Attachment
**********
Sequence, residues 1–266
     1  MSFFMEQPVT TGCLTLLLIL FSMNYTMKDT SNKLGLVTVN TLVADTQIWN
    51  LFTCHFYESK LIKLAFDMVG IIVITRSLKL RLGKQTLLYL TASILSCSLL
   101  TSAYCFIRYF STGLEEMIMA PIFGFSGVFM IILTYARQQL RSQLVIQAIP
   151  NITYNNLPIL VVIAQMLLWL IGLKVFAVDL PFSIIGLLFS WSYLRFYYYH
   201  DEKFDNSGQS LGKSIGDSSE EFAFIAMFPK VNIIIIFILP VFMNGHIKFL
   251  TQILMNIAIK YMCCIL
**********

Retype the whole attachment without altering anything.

Sequence, residues 1–266
     1  MSFFMEQPVT TGCLTLLLIL FSMNYTMKDT SNKLGLVTVN TLVADTQIWN
    51  LFTCHFYESK LIKLAFDMVG IIVITRSLKL RLGKQTLLYL TASILSCSLL
   101  TSAYCFIRYF STGLEEMIMA PIFGFSGVFM IILTYARQQL RSQLVIQAIP
   151  NITYNNLPIL VVIAQMLLWL IGLKVFAVDL PFSIIGLLFS WSYLRFYYYH
   201  DEKFDNSGQS LGKSIGDSSE EFAFIAMFPK VNIIIIFILP VFMNGHIKFL
   251  TQILMNIAIK YMCCIL